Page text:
• From managing performance to enabling individual and organizational growth.
• From an adjunct of HR to a singular, strategic partner at the heart of the business.
Today’s L&D leaders are becoming the voice of the workforce and the architects of company cultures that value, reward, and benefit from ongoing learning and development. They champion the democratisation of learning, making reskilling and upskilling a priority for their organisations.
Charged with helping learners, employees, managers, and organisations reach their full potential, L&D professionals are redefining how to fill the skills gaps. In fact, they’re leading a skilling revolution. And, they’re discovering new ways to motivate, inspire, recognize, and reward achievement and excellence.
What skills do the organisations need to focus on?
There are really two sets of skills that organisations need to focus on today.
The first are role-based skills, specifically those that can address the growing skills gap. According to Burning Glass Technologies’ report “After the Storm,” the post-pandemic economy labor market will result in between 15 to 18 million of new jobs created over the next five years. These are roles that currently make up 13% of demand and only 10% of employment (so there’s already a shortage). A growing shortage of talent in these fields could set back broader recovery if organisations can’t cope with these demands. Consequently, reskilling and upskilling for these specific roles will remain a mission-critical countermeasure.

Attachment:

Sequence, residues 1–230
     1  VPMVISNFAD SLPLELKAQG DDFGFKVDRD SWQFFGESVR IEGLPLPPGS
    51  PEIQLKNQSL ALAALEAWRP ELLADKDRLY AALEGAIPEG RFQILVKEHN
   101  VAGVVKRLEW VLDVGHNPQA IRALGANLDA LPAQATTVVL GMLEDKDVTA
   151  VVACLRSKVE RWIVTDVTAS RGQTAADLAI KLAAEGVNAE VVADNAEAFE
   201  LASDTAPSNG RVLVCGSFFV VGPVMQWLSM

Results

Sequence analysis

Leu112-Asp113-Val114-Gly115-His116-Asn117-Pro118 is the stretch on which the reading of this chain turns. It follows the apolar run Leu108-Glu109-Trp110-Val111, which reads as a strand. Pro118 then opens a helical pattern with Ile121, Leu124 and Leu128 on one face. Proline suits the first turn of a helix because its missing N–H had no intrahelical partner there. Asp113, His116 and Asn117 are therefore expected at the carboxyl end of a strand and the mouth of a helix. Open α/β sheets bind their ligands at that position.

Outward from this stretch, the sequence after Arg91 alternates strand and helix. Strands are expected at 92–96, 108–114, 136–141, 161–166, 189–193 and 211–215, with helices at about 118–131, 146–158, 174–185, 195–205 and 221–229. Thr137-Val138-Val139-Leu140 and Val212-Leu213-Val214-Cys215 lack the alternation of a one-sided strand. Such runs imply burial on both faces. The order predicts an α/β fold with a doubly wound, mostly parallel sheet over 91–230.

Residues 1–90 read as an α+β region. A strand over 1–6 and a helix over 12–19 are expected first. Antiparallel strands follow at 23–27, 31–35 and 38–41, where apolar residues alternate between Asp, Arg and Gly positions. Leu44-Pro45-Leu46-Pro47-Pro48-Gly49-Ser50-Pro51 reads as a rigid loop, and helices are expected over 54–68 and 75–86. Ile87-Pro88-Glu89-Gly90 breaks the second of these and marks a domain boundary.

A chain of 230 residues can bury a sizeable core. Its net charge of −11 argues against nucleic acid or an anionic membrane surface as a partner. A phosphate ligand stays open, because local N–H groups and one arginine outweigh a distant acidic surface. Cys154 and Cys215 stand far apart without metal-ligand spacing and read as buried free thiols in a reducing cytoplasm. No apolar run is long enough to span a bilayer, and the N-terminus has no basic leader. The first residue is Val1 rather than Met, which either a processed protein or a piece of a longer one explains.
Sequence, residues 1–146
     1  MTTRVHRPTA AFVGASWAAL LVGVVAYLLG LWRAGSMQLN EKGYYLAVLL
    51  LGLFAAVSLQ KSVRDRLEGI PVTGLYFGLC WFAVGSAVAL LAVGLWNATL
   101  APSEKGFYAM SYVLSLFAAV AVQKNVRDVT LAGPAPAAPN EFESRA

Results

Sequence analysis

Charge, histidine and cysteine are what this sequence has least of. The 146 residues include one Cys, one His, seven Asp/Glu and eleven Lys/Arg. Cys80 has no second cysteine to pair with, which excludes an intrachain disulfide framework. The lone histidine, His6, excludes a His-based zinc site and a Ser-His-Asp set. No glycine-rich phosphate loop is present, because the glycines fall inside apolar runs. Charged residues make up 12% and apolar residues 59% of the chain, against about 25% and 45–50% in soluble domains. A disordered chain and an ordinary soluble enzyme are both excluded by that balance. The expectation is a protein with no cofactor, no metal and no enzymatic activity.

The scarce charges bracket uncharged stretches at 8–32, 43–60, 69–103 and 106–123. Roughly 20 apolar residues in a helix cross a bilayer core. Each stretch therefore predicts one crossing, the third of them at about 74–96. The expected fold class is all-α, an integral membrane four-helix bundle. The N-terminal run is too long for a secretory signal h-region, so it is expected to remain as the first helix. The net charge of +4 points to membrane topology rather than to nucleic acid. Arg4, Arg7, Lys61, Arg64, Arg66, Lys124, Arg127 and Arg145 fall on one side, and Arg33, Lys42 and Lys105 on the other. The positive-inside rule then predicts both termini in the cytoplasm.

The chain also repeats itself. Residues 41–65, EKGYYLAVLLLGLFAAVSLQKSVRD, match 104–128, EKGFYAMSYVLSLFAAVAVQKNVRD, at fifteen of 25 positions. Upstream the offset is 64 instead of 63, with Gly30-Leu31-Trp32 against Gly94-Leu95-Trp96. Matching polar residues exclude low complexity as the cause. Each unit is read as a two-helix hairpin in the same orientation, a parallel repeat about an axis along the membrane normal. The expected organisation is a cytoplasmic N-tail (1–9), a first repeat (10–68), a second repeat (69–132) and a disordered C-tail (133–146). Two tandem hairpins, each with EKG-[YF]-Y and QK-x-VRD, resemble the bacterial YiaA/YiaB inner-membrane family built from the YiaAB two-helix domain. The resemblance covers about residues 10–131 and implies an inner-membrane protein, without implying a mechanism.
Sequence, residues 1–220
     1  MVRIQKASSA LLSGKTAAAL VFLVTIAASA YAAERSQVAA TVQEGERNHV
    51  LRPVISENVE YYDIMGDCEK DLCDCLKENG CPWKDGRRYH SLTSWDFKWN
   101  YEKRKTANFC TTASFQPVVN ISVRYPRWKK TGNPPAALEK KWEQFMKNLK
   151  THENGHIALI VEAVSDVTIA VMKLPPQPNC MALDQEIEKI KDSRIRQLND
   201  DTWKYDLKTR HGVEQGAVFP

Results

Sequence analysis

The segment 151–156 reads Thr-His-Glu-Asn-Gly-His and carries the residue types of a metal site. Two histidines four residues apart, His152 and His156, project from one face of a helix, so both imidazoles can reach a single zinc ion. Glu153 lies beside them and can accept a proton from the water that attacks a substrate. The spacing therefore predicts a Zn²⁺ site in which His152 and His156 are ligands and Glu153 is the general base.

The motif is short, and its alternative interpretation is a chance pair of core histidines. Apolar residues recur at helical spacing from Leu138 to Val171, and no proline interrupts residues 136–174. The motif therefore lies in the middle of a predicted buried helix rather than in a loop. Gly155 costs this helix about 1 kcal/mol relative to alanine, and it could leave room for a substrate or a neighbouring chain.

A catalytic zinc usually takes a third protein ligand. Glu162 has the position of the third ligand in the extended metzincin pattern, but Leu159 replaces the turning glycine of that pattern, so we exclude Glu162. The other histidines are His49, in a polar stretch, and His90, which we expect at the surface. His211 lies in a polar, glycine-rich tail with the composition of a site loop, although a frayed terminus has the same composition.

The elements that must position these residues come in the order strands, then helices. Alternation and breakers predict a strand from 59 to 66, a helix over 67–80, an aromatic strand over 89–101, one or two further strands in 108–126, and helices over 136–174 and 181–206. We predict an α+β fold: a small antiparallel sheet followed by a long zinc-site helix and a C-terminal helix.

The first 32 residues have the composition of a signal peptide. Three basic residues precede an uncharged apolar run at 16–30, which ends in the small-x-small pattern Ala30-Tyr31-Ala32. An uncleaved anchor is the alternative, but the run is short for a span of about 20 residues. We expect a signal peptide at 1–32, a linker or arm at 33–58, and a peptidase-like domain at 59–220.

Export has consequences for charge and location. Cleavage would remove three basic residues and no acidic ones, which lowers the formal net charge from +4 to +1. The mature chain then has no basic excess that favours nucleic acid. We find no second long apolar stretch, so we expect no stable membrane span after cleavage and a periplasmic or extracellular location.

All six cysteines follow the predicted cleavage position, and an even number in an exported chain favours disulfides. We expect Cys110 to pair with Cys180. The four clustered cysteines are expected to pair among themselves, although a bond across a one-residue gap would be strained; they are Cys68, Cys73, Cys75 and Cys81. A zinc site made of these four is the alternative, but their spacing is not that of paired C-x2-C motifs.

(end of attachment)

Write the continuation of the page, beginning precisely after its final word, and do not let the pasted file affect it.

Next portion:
The second set are power skills. Because there is also a gap in what the industry used to call “soft skills,” competencies like communication, empathy, resilience, change management, agility, and emotional intelligence. Companies like our customer Delta Dental, the U.S.’s leading provider of dental insurance, recognize these “power skills” as essential to their business.
As you might expect, customer service is an important focus for Delta Dental. In the past, call center performance was judged based on first-call resolution success. Customer service representatives were trained for a lean and efficient business process. But providing as quick an answer as possible didn’t satisfy all customer needs.
According to Ben Sieke, Director of Talent Development and Learning for Delta Dental of California and affiliates, Delta’s in-house learning and development team worked to add power skills training to the roles-based training that was already in use. Representatives learned how to build stronger, more supportive relationships with callers. By introducing, building, and nurturing power skills, Delta Dental was able to change company culture.